The environment of living cells is a complex 3-dimensional structure with unique mechanical properties. These properties – combined with the ability of cells to generate, sense and respond to forces- create a novel mechanical-biological system that direct cells toward defined fates and organization.

3D displacement map around a fibroblast cell embedded in a fibrin gel as quantified by confocal microscopy and digital volume correlation (DVC).

Latest News

Sari’s paper has been published in the journal of Molecular Biology of the Cell (MBoC)!

April 2020

Ortal’s paper has been published in the journal of Tissue Engineering Part A!

August 2020

David’s paper has been accepted for publication in the New Journal of Physics!

September 2020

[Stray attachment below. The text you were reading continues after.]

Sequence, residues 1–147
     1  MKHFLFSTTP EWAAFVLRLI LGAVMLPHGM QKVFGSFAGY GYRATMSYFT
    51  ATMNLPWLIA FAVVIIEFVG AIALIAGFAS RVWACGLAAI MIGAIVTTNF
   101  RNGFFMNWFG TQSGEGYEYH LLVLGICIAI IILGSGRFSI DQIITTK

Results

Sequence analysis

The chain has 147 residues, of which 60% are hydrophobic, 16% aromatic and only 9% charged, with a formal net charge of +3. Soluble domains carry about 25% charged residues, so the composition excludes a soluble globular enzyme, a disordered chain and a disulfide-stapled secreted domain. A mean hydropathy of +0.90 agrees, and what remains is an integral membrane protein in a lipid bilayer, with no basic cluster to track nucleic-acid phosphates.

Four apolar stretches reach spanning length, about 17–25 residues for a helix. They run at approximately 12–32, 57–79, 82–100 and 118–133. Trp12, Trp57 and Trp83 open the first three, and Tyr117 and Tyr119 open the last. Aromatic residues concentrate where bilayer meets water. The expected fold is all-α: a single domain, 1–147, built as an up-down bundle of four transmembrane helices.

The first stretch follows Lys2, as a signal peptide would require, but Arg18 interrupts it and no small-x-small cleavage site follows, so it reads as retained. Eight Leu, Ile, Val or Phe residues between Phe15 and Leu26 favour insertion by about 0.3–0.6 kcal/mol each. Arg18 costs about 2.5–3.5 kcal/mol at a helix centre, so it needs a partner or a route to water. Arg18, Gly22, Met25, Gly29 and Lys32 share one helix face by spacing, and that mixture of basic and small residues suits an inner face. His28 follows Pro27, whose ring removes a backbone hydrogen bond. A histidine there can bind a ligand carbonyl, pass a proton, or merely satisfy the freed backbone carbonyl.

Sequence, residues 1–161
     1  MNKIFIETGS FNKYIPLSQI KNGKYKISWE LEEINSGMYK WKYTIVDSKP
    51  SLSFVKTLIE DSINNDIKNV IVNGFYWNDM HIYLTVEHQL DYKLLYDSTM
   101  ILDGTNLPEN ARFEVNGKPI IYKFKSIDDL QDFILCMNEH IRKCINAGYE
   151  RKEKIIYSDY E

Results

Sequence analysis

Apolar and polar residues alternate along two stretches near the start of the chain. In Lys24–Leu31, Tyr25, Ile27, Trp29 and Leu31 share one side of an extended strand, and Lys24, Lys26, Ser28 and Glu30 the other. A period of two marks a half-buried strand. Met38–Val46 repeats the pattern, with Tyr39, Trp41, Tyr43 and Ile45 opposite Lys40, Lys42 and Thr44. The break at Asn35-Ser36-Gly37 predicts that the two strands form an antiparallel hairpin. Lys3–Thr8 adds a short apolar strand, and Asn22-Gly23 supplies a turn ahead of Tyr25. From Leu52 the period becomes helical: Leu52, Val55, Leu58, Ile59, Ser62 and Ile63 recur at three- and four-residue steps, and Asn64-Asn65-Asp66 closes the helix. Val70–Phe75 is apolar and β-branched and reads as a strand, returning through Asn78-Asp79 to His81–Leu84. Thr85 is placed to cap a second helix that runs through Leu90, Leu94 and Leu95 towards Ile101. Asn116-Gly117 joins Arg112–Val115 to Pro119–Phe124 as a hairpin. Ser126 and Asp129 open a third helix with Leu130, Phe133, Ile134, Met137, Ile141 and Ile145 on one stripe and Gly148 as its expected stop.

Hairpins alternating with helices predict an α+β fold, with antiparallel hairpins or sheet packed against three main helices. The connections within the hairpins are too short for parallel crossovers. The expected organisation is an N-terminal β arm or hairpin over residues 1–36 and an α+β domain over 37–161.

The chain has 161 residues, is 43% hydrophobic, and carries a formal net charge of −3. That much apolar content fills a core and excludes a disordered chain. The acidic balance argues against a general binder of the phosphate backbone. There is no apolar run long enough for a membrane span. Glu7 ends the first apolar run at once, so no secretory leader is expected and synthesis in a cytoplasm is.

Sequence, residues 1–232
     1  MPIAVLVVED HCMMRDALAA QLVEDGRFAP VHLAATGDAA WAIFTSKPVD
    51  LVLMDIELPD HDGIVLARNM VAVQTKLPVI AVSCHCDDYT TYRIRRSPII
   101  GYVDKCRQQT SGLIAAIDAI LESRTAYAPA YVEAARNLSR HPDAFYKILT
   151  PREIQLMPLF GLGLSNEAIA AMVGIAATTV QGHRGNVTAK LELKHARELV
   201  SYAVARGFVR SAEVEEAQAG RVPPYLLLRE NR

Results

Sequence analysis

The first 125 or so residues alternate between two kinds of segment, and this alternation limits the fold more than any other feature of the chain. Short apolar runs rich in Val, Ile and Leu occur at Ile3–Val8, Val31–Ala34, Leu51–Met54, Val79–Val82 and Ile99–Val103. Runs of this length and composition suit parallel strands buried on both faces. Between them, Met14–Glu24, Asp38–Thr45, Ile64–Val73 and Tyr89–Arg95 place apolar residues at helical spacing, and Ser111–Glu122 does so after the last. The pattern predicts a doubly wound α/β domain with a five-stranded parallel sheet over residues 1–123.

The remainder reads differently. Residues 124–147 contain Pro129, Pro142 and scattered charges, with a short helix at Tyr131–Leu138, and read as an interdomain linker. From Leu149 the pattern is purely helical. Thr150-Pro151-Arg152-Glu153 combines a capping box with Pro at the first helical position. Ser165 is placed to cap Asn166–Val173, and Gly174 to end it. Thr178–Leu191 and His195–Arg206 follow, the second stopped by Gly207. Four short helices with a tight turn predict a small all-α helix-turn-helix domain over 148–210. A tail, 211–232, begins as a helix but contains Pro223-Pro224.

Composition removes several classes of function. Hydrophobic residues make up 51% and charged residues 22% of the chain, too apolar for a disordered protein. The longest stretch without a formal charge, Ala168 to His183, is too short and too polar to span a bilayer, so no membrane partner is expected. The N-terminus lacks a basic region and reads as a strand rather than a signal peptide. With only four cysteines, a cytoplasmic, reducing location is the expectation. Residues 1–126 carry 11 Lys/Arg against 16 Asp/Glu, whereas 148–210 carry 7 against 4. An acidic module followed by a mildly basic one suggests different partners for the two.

In particular we are interested in:

The influence of cell contractile forces and material deformation on biological processes at the single cell level

The effect of cell contractility on large-scale multicellular systems towards defined fates and organization

The effect of material properties, in particular nonlinear elastic properties, on mechanical interaction between cells.

In our experiments, we construct cell-biomaterial composites and use live microscopy imaging for studying their behavior in three-dimensions that mimic tissue systems. We use image analysis and computer simulations to quantify the mechanical interaction between cells and their environment and study how they regulate the biological process of choice.

Our research outcome is twofold: (1) it allows better understanding of biological processes, and (2) it provides tools to direct and control cell function including the organization of cells toward defined tissue structures, the differentiation of stem cells, and regulation of disease states such as cancer. Our research is thus strongly related to the field of tissue engineering and regenerative medicine.

Are you interested in research at the interface of biology and mechanics?